Lets end dating violence

Dating violence can take place in person or electronically, such as repeated texting or posting sexual pictures of a partner online, according to a fact sheet from the national Centers for Disease Control and Prevention.

Teens often think some behaviors, like teasing, possessiveness, and name calling, are a “normal” part of a relationship.

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This year the LEAH program (Let’s End Abusive Households) of Jewish Family & Children’s Services of Southern Arizona is focusing on raising awareness about teen dating violence and abuse.

Teen dating violence can be physical, emotional, or sexual.

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However, these behaviors can become abusive and develop into more serious forms of violence.

The following facts cited by the CDC demonstrate the prevalence of this issue in the adolescent world and the need for personal, family and community action. Mutual individuality — Neither partner should have to compromise who they are, and their identity should not be based on the other partner’s. Nonviolent communication — Each partner should feel safe to speak honestly and openly to avoid miscommunication and to enhance understanding. Healthy boundaries are in place — emotionally, socially and sexually. Fear, control and coercion — do not exist in a healthy relationship. Control — One dating partner makes all the decisions and can dictate what the other partner does, what they wear, or who they spend time with. Isolation — One dating partner is unreasonably jealous and/or will try to isolate the other partner from their friends and family. Dependence — One dating partner feels that they “cannot live without” the other.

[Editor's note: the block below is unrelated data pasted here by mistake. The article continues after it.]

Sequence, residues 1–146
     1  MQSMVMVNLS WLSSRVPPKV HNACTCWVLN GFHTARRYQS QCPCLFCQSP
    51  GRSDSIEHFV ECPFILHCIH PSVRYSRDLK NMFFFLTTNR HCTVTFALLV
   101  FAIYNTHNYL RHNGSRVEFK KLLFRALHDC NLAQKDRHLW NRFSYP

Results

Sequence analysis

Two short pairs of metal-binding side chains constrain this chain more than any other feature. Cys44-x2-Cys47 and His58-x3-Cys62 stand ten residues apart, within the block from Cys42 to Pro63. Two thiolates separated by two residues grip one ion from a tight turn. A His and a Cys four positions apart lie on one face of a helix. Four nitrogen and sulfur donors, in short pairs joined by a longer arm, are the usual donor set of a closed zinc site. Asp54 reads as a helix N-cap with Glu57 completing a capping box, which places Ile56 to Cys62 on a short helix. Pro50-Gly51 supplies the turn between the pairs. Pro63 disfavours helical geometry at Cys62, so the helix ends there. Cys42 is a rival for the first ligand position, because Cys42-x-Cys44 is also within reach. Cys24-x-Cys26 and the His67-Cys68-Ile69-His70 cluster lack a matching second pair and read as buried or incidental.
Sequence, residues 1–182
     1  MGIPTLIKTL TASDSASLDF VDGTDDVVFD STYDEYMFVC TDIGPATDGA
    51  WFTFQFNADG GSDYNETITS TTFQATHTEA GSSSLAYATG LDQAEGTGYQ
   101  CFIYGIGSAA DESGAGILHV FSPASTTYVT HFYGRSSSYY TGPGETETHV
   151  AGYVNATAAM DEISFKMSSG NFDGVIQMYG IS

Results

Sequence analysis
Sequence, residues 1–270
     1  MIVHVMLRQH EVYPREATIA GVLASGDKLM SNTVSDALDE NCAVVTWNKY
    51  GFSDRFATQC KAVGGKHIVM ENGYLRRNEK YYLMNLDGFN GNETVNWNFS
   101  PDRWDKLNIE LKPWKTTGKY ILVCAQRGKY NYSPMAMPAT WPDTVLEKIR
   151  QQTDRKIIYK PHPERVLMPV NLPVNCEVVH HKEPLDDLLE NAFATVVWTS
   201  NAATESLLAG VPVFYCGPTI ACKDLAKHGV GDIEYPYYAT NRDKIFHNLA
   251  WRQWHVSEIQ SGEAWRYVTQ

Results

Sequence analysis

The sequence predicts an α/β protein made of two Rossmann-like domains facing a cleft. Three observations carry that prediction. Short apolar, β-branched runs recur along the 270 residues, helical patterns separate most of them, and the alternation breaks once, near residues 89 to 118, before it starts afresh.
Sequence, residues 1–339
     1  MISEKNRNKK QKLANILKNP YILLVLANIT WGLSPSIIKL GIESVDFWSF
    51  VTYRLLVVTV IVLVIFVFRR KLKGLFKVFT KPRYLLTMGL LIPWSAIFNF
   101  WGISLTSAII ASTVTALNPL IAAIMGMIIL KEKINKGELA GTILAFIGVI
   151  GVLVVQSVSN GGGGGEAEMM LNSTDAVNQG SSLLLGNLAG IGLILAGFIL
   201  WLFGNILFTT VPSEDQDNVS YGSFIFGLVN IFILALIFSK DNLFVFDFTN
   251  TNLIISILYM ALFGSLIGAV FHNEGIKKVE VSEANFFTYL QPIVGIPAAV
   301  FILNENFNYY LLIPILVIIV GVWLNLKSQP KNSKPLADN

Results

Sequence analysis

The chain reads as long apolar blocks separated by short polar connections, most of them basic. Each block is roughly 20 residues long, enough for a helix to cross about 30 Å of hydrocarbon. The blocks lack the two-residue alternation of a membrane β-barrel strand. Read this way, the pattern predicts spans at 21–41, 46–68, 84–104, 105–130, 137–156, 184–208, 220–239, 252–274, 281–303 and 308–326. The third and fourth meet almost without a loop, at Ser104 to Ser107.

13% of teen girls in a relationship report being physically abused.

73% of teens say they would turn to a friend if they were trapped in an abusive relationship.

February is a special month for us here at FUTURES.

It’s Teen Dating Violence Awareness Month―a national awareness initiative to promote healthy, respectful relationships.

Nearly 1 in 5 teen girls who had been in a relationship says a boyfriend had threatened violence or self-harm when presented with a break-up.

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